someone needs to find a cure for scz.those who suffer are the care givers than he affected.anyone knows of success stories.my brother is suffering for the past 16yrs.
Posted by: thulasi brinda at March 4, 2007 11:40 PM
I got schizophrenia since the age of 20 and now I am 34.
I just try to recover by release it to God and taking medicine also much patience. Doing much prayer too. Sometimes just lost.
I know God who creates illness got the cure, if God permit it so.
Posted by: Nazwan at March 7, 2007 08:00 PM
After viewing "A Beautiful Mind", I became anxious in researching Dr. John Nash. He has certainly accomplished goals that are unattainable for the majority. He reminds me of my beloved grandfather who was a genious. Truly an inspirational film, depicting a man who fought for the meaning of his own life. There are probably a few flaws in relation to the real Dr. Nash, but whatever the case may be, my appreciation to Dr. Nash's impressive theories, and his amazing character will remain strong.
Posted by: Robert at March 19, 2007 02:31 AM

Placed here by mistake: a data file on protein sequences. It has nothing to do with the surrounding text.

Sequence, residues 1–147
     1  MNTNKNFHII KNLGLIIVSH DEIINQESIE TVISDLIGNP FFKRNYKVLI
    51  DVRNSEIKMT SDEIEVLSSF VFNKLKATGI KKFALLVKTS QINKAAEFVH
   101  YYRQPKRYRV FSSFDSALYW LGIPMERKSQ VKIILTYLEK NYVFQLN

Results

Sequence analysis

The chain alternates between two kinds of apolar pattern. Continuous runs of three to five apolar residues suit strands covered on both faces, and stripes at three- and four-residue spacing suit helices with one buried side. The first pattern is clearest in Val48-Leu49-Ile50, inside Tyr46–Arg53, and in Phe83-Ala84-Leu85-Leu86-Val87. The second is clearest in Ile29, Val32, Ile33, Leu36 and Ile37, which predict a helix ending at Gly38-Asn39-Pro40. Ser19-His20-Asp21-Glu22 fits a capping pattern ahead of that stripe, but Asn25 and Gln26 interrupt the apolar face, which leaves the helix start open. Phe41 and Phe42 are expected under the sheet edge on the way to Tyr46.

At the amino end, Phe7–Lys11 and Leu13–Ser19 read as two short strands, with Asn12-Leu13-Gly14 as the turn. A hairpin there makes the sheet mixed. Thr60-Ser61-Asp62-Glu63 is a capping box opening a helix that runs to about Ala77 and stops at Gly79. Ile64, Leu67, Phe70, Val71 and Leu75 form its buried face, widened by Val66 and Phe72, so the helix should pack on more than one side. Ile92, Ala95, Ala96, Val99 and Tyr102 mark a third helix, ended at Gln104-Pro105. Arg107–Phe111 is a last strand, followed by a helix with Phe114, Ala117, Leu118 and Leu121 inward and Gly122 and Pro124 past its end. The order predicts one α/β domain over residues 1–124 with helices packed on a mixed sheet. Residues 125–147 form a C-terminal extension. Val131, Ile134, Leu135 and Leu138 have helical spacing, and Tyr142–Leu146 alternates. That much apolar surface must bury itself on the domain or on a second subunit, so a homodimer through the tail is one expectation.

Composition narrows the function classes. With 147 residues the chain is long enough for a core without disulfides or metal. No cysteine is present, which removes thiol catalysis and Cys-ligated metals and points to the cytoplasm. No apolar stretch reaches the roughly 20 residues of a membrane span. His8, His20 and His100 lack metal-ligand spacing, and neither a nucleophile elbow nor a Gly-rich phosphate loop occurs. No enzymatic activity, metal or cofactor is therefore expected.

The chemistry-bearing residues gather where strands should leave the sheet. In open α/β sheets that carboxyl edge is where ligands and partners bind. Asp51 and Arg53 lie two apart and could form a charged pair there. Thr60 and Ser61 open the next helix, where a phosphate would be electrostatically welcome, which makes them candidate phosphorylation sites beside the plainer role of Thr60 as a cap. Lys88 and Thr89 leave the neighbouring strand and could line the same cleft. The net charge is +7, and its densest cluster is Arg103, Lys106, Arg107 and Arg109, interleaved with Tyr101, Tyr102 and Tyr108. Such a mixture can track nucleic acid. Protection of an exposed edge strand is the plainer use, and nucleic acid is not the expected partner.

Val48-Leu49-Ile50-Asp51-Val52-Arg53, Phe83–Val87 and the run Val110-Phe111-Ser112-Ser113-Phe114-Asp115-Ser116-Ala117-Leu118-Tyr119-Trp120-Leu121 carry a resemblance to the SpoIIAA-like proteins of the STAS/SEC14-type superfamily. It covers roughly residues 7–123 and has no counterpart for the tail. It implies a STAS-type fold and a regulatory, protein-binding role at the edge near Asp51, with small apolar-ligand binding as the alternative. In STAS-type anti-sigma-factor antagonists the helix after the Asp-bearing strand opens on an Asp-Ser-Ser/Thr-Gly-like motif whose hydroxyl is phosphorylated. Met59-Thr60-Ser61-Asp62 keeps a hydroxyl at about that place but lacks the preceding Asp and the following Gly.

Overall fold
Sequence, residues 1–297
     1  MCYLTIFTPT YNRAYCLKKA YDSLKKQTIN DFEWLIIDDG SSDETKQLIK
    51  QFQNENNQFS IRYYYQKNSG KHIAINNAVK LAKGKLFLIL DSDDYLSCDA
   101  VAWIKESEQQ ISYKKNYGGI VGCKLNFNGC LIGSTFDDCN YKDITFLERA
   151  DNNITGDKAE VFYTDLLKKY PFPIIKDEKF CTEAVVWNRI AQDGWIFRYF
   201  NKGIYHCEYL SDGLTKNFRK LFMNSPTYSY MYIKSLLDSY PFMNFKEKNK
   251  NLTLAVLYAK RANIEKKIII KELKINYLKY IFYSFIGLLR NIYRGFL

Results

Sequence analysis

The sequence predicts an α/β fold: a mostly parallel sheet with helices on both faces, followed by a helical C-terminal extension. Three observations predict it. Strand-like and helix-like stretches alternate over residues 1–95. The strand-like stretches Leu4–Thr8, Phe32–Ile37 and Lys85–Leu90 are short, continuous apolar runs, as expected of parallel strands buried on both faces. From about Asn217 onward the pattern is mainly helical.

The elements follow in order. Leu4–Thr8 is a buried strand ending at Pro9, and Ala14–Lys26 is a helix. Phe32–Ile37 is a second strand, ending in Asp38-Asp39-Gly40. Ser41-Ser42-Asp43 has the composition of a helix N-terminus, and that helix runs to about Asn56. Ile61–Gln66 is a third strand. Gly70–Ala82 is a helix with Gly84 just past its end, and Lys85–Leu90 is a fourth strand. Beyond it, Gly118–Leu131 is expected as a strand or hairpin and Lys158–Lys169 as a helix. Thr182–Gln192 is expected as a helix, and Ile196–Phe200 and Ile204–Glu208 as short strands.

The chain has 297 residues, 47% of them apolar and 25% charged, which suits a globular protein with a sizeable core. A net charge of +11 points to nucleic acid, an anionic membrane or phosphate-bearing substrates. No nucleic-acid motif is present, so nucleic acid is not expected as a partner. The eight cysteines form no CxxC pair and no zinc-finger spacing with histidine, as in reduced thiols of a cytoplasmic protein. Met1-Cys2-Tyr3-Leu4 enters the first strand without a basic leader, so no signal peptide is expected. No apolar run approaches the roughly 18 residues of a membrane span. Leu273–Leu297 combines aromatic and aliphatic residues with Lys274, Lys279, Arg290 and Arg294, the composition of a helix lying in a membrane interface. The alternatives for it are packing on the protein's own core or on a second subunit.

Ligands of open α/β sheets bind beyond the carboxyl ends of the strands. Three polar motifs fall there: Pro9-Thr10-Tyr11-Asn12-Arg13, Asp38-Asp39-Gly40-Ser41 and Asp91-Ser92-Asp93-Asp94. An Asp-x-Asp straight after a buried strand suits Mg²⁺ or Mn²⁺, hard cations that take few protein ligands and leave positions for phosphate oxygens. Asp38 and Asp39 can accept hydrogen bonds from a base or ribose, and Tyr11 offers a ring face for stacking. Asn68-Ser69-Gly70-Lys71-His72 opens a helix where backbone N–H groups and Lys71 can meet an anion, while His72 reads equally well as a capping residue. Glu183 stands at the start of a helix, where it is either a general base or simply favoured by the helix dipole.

When I seen Its a beautiful mind, I realized the turmoil that my grndmother went through. Then in 2005 my nephew was diagnosed with schiophrenia. This movie also helped my sister. I work in the mental health field and I realized the impact his life sotry has help our patients. Dr. Nash I resepct and admire you.
Posted by: Robin Taylor at April 14, 2007 06:28 PM
I'm a diagnosed schizo-affective born in Charleston WV. I can relate to some of the same things in the film. I understand totally his fixation or better yet his absolute pathological obsession with Mathematics. I have a similar way with music. I wonder if John Nash would agree with me when I say Composing music (or in Johns case Math) is like breathing for me. If I were to stop I think the madness would truly overtake me and I would wither and die. I think all schizophrenics need a good outlet to release the pressure. If anyone is curious to know what kinda music a schizophrenic can make check my webspace at buzzmusic.de
Posted by: Jason Belcher at April 26, 2007 05:05 PM